On top there are a lot of loose, semi-finished stones on the top. And the ruins of a temple. The complex seems to have been abandoned before it was completely finished. Or hit by an earthquake. This is a fascinating place, with beautiful views over the valley. On a mountain slope on the other side you can still see the remains of warehouses that the Incas used to store their agricultural products. My visit to Ollantaytambo rivalled that of Machu Pichu.

May 2011, September 2017

In Ecuador in 2017 I visited another one of the associated sites, Ingapirca. The Inca started to expand their empire northwards into Ecuador from Peru only from 1463. They met with a lot of resistance, notably from the Cañari people who were local to the area around Cuenca. The interesting feature of Ingapirca is that it is a mixed Cañari – Inca site. The Inca Túpac Yupanqui ended up marrying a Cañari princess, and the two groups reputedly lived together peacefully afterwards although they kept their own customs.

The guides that accompany visitors to the archaeological site identify themselves as indigenous Cañari, and they are happy to point out especially these remains. The Cañari worshipped the moon, and the remains of their Temple of the Moon cover the first plateau at the site. There’s an interesting communal tomb in front of it, with a vertical monolith on top. Here a woman of high social class was buried together with 10 other men and women who – according to the guide – were sacrificed alive. A bit further into the complex a rock with holes in it represents a Cañari “lunar calender”. The different holes were filled with water to catch the reflections of the moon for each moon-month of the year.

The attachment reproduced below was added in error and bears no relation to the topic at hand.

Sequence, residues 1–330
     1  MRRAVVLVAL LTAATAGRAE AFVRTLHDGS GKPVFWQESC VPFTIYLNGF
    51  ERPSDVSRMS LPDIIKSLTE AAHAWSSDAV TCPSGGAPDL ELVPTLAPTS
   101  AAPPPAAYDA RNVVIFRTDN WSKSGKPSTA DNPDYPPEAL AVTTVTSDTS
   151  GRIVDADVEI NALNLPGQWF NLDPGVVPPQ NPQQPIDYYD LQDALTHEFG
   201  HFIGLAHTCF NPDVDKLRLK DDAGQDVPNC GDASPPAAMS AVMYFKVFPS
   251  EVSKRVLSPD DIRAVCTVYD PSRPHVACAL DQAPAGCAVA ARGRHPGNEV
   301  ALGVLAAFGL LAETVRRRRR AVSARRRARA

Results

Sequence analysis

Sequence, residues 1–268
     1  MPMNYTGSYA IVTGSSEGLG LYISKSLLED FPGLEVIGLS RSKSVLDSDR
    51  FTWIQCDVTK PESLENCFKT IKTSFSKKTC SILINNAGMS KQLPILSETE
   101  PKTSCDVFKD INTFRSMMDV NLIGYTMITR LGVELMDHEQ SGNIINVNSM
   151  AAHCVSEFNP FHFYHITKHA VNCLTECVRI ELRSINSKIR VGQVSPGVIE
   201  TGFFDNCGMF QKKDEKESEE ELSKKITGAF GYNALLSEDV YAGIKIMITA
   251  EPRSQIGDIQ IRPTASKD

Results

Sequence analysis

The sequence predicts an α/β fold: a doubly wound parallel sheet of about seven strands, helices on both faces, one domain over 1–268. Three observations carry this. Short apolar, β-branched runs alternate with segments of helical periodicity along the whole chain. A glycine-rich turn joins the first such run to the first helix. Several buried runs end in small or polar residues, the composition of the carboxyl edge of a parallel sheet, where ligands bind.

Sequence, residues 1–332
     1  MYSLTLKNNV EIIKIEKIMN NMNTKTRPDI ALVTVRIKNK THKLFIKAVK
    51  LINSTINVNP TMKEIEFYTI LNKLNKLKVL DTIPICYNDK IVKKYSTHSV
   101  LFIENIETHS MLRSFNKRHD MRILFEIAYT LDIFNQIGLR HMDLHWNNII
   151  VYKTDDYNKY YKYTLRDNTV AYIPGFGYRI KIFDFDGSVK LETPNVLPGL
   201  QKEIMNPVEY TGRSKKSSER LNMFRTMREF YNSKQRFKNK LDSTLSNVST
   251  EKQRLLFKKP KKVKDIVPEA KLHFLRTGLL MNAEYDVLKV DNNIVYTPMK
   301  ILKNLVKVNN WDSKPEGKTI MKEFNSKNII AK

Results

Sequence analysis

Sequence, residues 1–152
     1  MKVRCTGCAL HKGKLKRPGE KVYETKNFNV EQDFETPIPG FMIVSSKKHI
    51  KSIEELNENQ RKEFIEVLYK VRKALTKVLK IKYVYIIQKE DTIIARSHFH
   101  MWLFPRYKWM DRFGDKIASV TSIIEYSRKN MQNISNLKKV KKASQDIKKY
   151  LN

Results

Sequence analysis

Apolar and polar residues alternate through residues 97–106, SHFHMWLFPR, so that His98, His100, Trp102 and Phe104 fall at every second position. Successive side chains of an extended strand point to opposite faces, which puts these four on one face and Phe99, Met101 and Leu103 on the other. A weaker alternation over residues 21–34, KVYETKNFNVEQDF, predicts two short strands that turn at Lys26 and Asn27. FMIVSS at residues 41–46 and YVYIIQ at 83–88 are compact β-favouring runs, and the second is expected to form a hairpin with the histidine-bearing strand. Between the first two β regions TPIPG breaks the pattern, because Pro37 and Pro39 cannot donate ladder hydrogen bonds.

May 2011, September 2017

Ingapirca is also the largest known Inca ruin site in Ecuador. The most significant remain of that period is the Temple of the Sun, an elliptically shaped building constructed around a large rock. The typical Inca construction style, that can be seen in the many sites around Peru, is also clearly distinguishable here at Ingapirca. Because of the type of local stones that they used, the temple has an attractive greenish hue.

There’s a stretch of Inca road next to the Temples of the Moon and the Sun that was identified by our guide as ‘Qhapaq Nan’ and part of the UNESCO World Heritage. It is maybe 50 meters long and does not seem to go anywhere in particular. The Inca incorporated their newly won territories in their road network often as much as a symbol of their strength, as well as a means for communication and transportation.

Community Reviews

Nan Germany - 15-Nov-17 -

Qhapaq Ñan by Nan

A site like Qhapaq Nan is fairly difficult to grasp. Is it the roads the Inkas built to connect all parts of their empire? Or does it refer to the sites the roads connect? Or a combination of the two? It doesn't really help that the nomination file comes in at 500 MB, the site names are somewhat cryptic IDs and that the GPS coordinates repeatedly do not match the nomination file boundaries. For a detailed discussion using Pachacamac as example, check Solivagants comments in the forum.